Cuddles Anderson 1998 – 2016


The sweetest cat we have ever known left us yesterday. She went to a healing home in the inner worlds. But our world will never be the same without her.

We found this little black-and-white ball of fur in a bin full of kittens at the animal shelter. Linda said to all the kitties, “You are so cute. I have no idea which one of you should be ours.” She put her hand, palm up, inside the bin. Cuddles peered up at Linda from the back of the bin. She jumped over all her littermates and landed in Linda’s hand. Cuddles was The One. She had chosen us.

About the time Cuddles arrived into the Anderson household, we were starting our first Angel Animals printed newsletter. The concept that animals are spiritual beings, messengers who show us what God’s love is, intrigued the news media. Before we knew it, newspaper reports and local television crews were coming to our home and interviewing us. Cuddles became our publicist, hostess, and model.

She scratched at the front door as journalists arrived and made a brilliant first impression. She curled up on reporters’ laps and posed for photographers. Everyone was so charmed that she served as the image of Angel Animals without ever saying a word.

Stories about our new project, which by then had morphed into our first book proposal, made it into national wire services. Cuddles, stretched out on our living room coffee table or sofa, caressing readers with her lustrous emerald eyes, made it into newspapers all over the country.

Cuddles gave us 18 precious years of love, companionship, and fun while we went on to write 17 Angel Animals books. She slept next to Linda every night underneath her arm. If Linda didn’t wake up when Cuddles decided it was time for breakfast, she used her paw to pull out Linda’s earplug and mew, “Feed me!”

Cuddles loved to curl up on Allen’s big blue chair and watch him work in his home office. She ruled him and the house. We all loved and accepted her benevolence. He enjoyed taking pictures and videos of her as she orchestrated the impressions she wanted to make.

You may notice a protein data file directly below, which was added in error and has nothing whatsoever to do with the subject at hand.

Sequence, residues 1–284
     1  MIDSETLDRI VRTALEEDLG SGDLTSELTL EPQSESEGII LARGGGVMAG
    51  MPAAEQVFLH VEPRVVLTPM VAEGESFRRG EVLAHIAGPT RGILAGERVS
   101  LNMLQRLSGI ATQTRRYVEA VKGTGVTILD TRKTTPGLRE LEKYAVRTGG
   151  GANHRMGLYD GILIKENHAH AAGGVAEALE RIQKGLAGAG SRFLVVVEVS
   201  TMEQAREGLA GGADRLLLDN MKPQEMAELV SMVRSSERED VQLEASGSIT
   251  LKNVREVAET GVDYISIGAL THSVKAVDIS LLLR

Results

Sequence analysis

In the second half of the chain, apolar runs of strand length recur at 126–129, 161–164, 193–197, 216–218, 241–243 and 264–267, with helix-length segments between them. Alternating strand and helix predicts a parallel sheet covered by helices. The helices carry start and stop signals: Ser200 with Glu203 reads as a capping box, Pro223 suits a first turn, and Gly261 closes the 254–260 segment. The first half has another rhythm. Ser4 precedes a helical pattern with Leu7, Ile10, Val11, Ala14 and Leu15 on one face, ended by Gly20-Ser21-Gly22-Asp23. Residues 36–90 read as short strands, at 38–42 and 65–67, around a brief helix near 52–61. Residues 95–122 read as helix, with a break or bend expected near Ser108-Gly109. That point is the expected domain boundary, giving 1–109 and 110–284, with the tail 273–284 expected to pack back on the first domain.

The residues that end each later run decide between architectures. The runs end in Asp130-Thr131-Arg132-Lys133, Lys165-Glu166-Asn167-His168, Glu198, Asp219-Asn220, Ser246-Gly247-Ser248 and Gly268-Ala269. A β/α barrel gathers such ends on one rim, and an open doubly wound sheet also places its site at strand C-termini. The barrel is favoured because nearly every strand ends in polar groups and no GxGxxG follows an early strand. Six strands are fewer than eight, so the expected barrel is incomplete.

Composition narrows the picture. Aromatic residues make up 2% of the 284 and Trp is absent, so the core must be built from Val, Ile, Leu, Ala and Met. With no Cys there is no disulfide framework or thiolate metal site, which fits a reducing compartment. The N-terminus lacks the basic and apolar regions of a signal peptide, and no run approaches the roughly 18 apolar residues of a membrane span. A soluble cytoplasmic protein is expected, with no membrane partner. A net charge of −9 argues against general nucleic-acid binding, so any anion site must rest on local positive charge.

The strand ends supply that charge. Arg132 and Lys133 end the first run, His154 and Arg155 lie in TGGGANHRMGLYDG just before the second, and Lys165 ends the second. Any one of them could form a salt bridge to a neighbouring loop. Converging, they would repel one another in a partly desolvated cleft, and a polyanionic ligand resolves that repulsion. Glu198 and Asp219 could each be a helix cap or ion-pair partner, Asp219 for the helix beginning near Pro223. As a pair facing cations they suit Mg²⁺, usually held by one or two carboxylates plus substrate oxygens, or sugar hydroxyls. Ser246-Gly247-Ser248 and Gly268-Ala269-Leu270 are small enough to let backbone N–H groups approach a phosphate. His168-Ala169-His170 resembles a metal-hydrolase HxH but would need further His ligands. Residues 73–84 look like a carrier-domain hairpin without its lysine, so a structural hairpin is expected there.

In our third book, ANGEL CATS: Divine Messengers of Comfort, we gave Cuddles her own column called “Ask Cuddles.” She answered the age-old question: “Do animals go to heaven?”

Cuddles wrote: “Yes, of course animals go to heaven. And we will joyfully greet you there at the Rainbow Bridge (it does exist!) when you arrive. That’s a promise. One more thing. (You can believe this or not, but I happen to know from personal experience that this does happen.) Sometimes the Soul that was your sweet kitty can’t wait for a heavenly reunion with you. This Soul then rejoins you at another place and time in a different body. If you want to know the truth of this, look into our eyes. See if you recognize an old friend. Our love never dies. – Forever yours, Cuddles”

Today, our family is bereft and grieving. Our little cocker spaniel Leaf, who was smart enough to do whatever Cuddles told him, is lethargic and sleeping all day. Our yellow cockatiel Sunshine wouldn’t come out of his cage this morning. Cuddles passing has left a big hole in our hearts.

As the veterinarian helped Cuddles leave her sweet body, we sang HU, a sacred love song to God, and tearfully said goodbye to our wonderful friend. She left peacefully, gracefully, and with utmost dignity, just as she had lived her life. Her spirit lives on as a great and wise Soul moving on to her next spiritual adventure.

We love you, Cuddles. We miss you, Cuddles. You always lived up to your name, Cuddles. Thanks for being a precious member of the Anderson family.

Cuddles 2

Cuddles 4

Cuddles 3 (2)


Did you ever try to find a cat who didn’t want to be found?




Today, as we prepared to take our cocker spaniel Leaf to dog park, we searched the house for Cuddles. This little black-and-white tuxedo kitty has been our family member since 1993. We adopted her from our local animal shelter. Or rather, she adopted us.

A bin full of kittens at the shelter was too much for us. Linda reached her hand into the pile of wiggly fur creatures and said, “One of you is going to have to let us know you want to go home.”

Instantly little Cuddles sprang from the rear of the big cage. She jumped over the backs of other kittens and landed in the palm of Linda’s hand. Cuddles went home with us.



As if giving us a preview of her decision-making abilities, Cuddles decides if and when she wants to be found. Today, we looked in all the usual places -under the bed, in her favorite chairs, on top of the sofas, next to the upstairs heater, next to the basement heater, under the roundtable cover, under the chest of drawers, behind the living room curtain, etc., etc. All the time we called, “Cuddles. Kitty, Kitty, Kitty.”

We never did find her.

Finally we had to shut all the doors and hope she was somewhere upstairs where she could reach her water and kitty litter.

Why all the fuss?

Because high up on his perch in the living room, our cockatiel Sunshine was counting on us not to lock him in the living room with a cat. Although Cuddles doesn’t show much interest in our bird, we still wouldn’t want to take any chances of having natural instinct take over while we’re gone.